"When the Cherokee government was forced out of Georgia, the Principal Chief, John Ross relocated his family to a site near the new capital of Red Clay.  It was at this site that John Howard Payne, known for his song 'Home Sweet Home,' came to visit in 1835.  While Payne was there, the Georgia Guard slipped across the border and arrested both Chief Ross and Mr. Payne, trying to prevent Ross from going to Washington before they could get a treaty signed by the pro-removal faction.  Ross and Payne were held without charges for 12 days, and then released. 

But it was too late.  While [Ross] was imprisoned, the Treaty of New Echota was signed, which surrendered all the Cherokee lands in the east.  Although the men who signed away the Cherokee lands were prominent in the tribe, none was currently an elected leader.  And per the Cherokee Constitution, signing away Cherokee lands brought a penalty of death for the traitor. 

A cabin similar to the one Ross would have occupied is in southern Bradley County on Red Hill Valley Road. The cabin there today is not original to Ross, but the logs have been dated to the 1830s. An effort is underway to restore the cabin." 


"A homesite of Cherokee Chief John Ross is thought to be in the Flint Springs area. Ross moved to this vicinity near Red Clay around 1832 to be near the council grounds after he was forced from his home at the head of the Coosa by winners of the Georgia Land Lottery. A replica of his cabin is next to Flint Springs not far from Red Clay State Park. Some disagree with this location and think that Ross lived in what is now the community of Red Hill. The cabin replica is commemorative in its design but historical information to the precise location or the veracity of the building’s architecture is lacking."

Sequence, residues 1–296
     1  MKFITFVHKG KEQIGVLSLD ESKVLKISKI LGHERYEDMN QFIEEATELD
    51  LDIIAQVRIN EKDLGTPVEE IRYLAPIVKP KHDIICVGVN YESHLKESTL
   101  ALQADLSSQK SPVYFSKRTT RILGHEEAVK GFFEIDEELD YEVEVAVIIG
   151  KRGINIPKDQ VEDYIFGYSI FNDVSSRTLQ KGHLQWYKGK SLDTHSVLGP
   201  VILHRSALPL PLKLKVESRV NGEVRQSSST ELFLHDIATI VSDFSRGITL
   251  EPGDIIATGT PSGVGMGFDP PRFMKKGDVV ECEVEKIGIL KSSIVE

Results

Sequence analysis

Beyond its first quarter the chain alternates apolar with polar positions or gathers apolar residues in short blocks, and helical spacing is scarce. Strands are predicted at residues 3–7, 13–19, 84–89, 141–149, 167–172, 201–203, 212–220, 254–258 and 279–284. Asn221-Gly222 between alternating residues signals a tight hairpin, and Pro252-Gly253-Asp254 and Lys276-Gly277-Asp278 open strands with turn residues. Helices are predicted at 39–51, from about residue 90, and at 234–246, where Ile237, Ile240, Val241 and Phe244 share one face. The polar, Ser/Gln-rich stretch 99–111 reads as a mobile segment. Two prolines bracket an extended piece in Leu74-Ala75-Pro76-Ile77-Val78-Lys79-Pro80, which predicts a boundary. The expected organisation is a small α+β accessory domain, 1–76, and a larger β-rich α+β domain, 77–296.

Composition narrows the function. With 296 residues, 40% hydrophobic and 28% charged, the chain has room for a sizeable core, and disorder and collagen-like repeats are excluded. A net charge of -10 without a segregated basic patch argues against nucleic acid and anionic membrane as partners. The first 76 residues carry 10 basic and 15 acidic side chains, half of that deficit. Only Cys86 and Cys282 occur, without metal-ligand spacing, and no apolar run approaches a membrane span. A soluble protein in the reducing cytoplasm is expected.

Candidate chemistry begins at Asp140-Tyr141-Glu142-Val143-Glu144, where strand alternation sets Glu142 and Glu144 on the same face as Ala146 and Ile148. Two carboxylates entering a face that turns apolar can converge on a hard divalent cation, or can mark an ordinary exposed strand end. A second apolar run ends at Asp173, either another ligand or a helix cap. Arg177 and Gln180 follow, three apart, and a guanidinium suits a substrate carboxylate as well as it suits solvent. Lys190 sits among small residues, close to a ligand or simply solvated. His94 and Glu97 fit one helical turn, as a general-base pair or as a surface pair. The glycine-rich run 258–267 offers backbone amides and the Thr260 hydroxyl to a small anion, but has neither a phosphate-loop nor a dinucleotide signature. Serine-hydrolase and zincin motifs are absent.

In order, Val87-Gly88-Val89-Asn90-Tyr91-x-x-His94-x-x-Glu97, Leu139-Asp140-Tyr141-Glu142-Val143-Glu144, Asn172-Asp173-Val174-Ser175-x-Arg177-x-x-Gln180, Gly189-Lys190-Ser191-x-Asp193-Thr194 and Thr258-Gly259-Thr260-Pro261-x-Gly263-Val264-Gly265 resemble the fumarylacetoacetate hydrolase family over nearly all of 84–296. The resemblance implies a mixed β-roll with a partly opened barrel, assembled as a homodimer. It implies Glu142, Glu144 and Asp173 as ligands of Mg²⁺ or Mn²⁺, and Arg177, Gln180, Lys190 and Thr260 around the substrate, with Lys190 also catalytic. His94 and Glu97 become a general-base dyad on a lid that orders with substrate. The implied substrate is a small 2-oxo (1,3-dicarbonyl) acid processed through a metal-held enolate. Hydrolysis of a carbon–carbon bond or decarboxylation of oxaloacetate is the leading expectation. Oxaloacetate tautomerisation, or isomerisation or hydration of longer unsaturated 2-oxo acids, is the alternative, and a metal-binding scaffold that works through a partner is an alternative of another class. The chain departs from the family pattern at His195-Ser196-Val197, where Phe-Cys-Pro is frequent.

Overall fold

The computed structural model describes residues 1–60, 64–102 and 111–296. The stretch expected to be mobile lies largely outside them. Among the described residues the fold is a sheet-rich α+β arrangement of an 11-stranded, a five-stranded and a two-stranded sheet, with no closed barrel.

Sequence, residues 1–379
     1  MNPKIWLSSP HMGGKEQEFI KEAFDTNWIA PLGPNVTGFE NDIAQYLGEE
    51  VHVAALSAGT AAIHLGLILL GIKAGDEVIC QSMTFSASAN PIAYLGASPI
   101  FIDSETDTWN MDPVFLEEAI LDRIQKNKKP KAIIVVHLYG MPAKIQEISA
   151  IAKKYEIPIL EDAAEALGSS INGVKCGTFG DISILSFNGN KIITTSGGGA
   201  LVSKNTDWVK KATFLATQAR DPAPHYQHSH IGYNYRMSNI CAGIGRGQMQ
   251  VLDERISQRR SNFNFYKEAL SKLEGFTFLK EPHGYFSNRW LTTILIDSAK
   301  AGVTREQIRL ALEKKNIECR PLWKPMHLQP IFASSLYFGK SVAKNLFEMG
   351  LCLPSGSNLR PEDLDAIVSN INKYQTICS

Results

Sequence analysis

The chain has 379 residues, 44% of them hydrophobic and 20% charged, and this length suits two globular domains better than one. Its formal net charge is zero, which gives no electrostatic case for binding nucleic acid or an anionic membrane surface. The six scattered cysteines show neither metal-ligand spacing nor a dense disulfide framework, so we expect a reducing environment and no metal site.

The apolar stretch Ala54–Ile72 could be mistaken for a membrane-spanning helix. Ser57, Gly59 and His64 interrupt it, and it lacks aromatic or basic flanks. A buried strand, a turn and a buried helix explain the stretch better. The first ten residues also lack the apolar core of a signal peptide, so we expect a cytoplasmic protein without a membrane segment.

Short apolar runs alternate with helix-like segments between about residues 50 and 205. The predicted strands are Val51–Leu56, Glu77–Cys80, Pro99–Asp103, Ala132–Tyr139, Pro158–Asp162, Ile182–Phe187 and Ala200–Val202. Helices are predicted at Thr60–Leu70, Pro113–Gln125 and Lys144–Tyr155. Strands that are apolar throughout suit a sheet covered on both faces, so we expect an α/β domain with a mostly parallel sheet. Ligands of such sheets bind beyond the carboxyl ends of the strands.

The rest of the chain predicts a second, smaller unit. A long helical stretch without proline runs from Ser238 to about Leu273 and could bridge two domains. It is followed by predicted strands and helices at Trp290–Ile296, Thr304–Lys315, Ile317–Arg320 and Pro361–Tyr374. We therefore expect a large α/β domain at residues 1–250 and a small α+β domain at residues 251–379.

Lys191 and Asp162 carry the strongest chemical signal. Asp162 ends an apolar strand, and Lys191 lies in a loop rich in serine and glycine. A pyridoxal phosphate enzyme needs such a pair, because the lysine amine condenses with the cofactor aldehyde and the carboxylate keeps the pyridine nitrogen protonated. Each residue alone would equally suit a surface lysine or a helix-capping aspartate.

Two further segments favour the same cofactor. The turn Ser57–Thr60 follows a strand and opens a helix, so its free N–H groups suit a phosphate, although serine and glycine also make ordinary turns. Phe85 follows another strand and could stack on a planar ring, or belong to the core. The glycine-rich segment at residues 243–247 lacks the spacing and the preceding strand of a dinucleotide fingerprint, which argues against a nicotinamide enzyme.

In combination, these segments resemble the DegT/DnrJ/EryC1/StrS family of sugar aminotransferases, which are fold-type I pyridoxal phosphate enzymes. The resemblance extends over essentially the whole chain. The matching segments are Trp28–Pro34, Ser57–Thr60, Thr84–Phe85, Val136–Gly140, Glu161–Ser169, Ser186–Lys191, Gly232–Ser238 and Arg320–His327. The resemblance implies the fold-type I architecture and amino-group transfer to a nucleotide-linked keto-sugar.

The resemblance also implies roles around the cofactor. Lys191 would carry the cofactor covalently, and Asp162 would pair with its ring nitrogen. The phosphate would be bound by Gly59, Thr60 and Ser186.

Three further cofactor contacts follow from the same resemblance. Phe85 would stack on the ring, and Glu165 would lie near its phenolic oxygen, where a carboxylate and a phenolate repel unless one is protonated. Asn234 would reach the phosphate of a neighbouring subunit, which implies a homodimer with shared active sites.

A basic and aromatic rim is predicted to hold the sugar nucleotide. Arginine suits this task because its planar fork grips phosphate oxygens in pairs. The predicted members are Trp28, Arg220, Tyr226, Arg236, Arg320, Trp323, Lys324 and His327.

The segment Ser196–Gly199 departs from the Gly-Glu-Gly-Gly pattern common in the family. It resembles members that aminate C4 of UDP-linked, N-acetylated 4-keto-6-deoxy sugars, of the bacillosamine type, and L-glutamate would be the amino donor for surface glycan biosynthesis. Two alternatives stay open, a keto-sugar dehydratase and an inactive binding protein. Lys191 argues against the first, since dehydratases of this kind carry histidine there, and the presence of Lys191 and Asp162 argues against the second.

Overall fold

"On December 29, 1935, Major Ridge, leader of the Treaty Party, signed a treaty in New Echota by which the Cherokee ceded all lands east of the Mississippi river in return for western lands and other considerations. 

The treaty was without authority of the Cherokee Nation, but all who signed received payment and land. John Ross carried a petition to Washington with 15,000 signatures, 90 percent of all Cherokee, in protest. Davy Crockett lost his seat in Congress for opposing Jackson's views on Indian Removal. When he [Ross] returned home, his property had been drawn by lottery and granted to a Georgian. Dispossessed, John Ross shared the fate of his fellow tribesmen. He built a one-room cabin at "Red Hill" or Flint Springs, TN, near the Red Clay Council Grounds, which served as the last capital of the Cherokee Nation in the east. 

It is somewhat ironic, that the Federal government also declared in 1835 that anyone with one-quarter Indian blood was considered to be an Indian. John Ross, although having only 1/8 Indian blood, identified himself as Indian and aligned with the Cherokee. The seizure of his land and property were not only immoral, they were illegal." 

Page 1
Red Clay Park
  Page 2
Interpretive Center
  Scrapbook Photos

Quoted text and information courtesy of:
Tennessee State Parks Red Clay brochures & handouts;